So far, every interaction with the Pacific Cup volunteers or anybody closely associated with the race has been outstanding. I just contacted John Dinwiddie, the Harbormaster of the Richmond Yacht Club in order to secure a slip when we will arrive in the San Francisco Bay from Los Angeles. What I got back was a very welcoming response. The club is going to have room for the out-of-towners at a very reasonable daily cost and according to the email:
You and your crew are welcome to stay on the boat the entire time at no extra charge. You will have access to the restrooms and showers in the club house. The club house, the main office, and my office will be open and here to help you when we can. We will also have a list of local businesses that can help you with food or boat goods for you at that time.
Note to other competitors in the cruising class: if you think that I am writing this post in the hope that Med Viking will get special consideration for a price, you are absolutely correct!
Now that the toe rail is in place, we can start working on dozens of smaller projects. We started the day by removing both the main sail and the jib from their furlers. They both need a little bit of “help” from the sail’s loft but we also had to remove them in preparation for taking down the mast.
It was initially not obvious to me that the mast had to come down before the race. The surveyor who checked the boat last year told me that everything looks good and that the rigging would last a long time. He was for the most part correct but when Bob and I removed the boom on Saturday, it became very clear that carefully checking everything before crossing the Pacific ocean is the right thing to do. The boom itself was OK but we found 3 problems that I had previously missed:
- One of the retaining clevis pins was broken and the boom was almost out of its hinge
- The rivets on one of the attachment point of the main sheet were ready to give up
- One of the sheave inside the boom was broken in two – that may explain why the main sail was sometimes a bit hard to winch
I am wondering what we will find when we finally take the mast down – likely around mid-March.
We also installed a permanently-mounted antenna for the satellite phone. We had to drill a hole in the stainless steel arch (not easy), and route the coaxial cable through the tubing. I ordered 35′ of LMR400 and 4′ of LM240 with the TNC connectors that are standard for all the Iridium accessories.I ordered the cables from MPD Digital. The company’s slogan is: “Welcome – If it’s Made in a Communist Country we don’t sell it!“, which is a funny (?) way to claim that they only sell US-made cables. Regardless of their political opinion, the quality was extremely good and the price very reasonable for such a small custom order.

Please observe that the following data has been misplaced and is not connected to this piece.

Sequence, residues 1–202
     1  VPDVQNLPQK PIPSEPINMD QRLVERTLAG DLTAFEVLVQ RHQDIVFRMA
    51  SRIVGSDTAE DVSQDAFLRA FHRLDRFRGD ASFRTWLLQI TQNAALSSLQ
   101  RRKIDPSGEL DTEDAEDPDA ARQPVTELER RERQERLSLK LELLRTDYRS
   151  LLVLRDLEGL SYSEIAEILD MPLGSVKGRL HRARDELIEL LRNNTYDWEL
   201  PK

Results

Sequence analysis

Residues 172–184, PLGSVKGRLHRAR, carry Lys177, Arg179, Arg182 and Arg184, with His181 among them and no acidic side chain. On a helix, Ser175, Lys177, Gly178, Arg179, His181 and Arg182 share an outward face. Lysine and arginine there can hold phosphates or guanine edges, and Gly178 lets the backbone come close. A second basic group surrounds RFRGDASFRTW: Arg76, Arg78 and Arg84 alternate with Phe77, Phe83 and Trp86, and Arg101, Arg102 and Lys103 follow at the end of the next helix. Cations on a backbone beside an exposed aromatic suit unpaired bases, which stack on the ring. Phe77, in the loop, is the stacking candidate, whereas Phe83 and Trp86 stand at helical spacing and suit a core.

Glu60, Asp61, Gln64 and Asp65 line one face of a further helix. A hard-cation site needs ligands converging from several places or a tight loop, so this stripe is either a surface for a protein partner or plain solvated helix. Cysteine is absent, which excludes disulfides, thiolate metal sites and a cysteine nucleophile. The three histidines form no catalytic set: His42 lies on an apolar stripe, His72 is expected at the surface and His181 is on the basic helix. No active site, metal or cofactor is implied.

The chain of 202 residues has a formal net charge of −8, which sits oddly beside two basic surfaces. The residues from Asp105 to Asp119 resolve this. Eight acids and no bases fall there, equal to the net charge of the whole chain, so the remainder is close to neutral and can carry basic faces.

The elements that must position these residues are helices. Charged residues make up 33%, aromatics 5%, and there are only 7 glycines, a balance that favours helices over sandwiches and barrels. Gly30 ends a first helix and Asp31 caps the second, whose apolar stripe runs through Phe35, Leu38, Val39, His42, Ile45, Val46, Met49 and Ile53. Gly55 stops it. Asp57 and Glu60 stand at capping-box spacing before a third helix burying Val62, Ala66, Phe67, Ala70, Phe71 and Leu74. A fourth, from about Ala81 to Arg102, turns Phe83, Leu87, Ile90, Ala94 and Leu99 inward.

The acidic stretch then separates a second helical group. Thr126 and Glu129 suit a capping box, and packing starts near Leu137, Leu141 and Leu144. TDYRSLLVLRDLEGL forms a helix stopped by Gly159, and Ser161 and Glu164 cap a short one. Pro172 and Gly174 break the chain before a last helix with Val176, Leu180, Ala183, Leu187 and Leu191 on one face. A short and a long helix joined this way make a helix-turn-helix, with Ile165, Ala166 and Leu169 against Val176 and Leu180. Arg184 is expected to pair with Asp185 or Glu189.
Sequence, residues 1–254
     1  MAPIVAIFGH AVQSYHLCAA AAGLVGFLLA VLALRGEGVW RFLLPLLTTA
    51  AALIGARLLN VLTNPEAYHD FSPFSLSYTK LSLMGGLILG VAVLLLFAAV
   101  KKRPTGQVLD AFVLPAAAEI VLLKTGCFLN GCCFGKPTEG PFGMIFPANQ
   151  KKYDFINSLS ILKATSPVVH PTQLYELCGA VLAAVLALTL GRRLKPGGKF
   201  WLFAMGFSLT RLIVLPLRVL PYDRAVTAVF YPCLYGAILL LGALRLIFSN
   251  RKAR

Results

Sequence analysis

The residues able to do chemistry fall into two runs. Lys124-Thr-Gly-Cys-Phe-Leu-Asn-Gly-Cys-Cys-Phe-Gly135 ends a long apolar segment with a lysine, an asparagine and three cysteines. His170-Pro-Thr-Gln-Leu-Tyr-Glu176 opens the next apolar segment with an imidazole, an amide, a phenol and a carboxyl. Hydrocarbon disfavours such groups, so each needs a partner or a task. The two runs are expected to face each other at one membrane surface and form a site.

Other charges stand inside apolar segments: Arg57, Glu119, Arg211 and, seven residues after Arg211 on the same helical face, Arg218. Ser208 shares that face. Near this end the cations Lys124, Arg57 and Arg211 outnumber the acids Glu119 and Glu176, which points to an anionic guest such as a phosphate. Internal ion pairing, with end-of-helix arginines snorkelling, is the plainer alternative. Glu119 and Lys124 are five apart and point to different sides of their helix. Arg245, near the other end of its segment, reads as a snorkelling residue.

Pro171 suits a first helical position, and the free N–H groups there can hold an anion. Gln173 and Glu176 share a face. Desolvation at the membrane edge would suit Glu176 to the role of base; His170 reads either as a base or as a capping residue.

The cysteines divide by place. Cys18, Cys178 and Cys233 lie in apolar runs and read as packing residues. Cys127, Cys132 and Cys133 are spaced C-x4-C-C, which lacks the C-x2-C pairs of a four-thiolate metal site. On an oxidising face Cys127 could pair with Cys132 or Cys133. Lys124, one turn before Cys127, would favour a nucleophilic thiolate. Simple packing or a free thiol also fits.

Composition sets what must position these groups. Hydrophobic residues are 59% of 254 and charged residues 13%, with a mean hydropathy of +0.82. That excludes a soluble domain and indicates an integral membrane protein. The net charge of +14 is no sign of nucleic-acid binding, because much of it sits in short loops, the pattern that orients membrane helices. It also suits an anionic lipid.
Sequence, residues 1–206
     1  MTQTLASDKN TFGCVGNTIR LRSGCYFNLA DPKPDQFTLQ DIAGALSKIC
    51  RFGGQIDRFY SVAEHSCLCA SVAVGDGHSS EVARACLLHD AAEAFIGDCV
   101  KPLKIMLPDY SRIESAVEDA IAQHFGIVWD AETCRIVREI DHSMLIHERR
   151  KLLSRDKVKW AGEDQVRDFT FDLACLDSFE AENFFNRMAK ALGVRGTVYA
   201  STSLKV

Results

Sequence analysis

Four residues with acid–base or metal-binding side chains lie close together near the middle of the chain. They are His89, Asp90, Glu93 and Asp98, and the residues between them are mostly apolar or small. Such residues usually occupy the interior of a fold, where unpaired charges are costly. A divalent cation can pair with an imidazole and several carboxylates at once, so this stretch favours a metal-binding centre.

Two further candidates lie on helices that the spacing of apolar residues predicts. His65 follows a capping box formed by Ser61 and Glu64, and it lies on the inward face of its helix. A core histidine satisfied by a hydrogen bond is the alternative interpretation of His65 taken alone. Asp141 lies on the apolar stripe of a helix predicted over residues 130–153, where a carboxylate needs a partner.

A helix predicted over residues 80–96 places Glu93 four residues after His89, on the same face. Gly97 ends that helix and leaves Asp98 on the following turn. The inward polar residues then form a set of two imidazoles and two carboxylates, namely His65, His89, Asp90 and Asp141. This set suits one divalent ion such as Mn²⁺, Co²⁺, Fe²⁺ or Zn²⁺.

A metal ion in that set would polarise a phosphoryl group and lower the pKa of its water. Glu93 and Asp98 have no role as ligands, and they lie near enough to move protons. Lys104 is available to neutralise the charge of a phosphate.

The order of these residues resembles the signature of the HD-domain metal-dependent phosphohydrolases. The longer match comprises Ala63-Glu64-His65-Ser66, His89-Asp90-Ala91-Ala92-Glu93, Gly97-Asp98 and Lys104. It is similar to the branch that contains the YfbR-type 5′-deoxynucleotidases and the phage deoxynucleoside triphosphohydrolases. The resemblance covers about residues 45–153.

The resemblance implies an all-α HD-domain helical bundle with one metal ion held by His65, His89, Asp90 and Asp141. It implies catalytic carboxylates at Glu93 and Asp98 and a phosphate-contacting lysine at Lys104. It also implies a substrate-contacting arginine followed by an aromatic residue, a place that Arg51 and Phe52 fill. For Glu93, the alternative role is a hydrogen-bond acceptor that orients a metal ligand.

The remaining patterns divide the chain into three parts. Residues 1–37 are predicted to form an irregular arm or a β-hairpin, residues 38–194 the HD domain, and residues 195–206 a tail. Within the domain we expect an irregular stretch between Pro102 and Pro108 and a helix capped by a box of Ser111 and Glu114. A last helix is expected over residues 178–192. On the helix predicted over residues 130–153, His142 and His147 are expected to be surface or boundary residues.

The external helix antenna together with the low loss cable should give us a reliable signal at the nav station. Verdict next week when I bring the phone for a test..
The iridium antenna
One of the requirements for the race is to have a full set of SOLAS flares. SOLAS stands for “Safety Of Life At Sea”. These flares are much more powerful than regular Coast Guard approved flares. They also cost more!
I have a few sets of USCG-approved flares but they are just good for fireworks displays… Yesterday I went and bought the full SOLAS set – all at once!
The full SOLAS set
The set includes:
- 6 red parachute flares
- 4 red hand-held flares
- 2 orange smoke canisters
The flares will be part of the abandon ship bag. Olivia also wanted to make sure that her daddy will be safe so she came with her bicycle to check it out.
Olivia checks out the flares
It looks like we will be able to document our race (and preparation) quite well because Bob and Dianna just bought a Go Pro Hero3+ camera. They also bought a number of mounting accessories so we should be able to shoot the race from every possible angle.
I am currently looking at the software that will be needed to edit the videos and turn them into a small film. Any idea for the music? I already know what the theme song will be:
Could that be the perfect song? Here are the lyrics:
Hold on tight to your dream
Hold on tight to your dream
When you see your ship go sailing
When you feel your heart is breaking
Hold tight to your dream.
And they even repeat it in French:
Accroches-toi a ton reve
Accroches-toi a ton reve
Quand tu vois ton bateau partir
Quand tu sents — ton coeur se briser
Accroches-toi a ton reve.
Apparently Dianna wants us to be well dressed for the arrival and the award ceremony so she got us some very nice Hawaiian shirts.Bob was happy to model for the blog:
Nice shirt Bob!
The front of the shirt is personalized:
The Skipper’s shirt
Thank you Dianna!
Well nothing is ever 100% done but Bob and I managed to install the 4th and last section of aluminum toe rail.
Thanks for you help Bob!
Sunset on a a new toe rail!
Well I am not supposed to need plane tickets but Christina and Olivia have their plane tickets to come and meet us in Hawaii. They will leave the day after the award ceremony.
We sail, they fly!
Thanks to the hard work of Bob and Bernard and some last-minute help from Dianna, we were able to complete the installation of the 3rd toe rail. One side of the boat is now completed.
Port side is done
We will still need to notch the rail in a few places to install the cleats. We already cut the rail at an angle to have a nice transition from the rail to the anchor roller.
Rail at the bow
The inside of the boat is a total mess as every cabinet had to be removed (at the least the top part).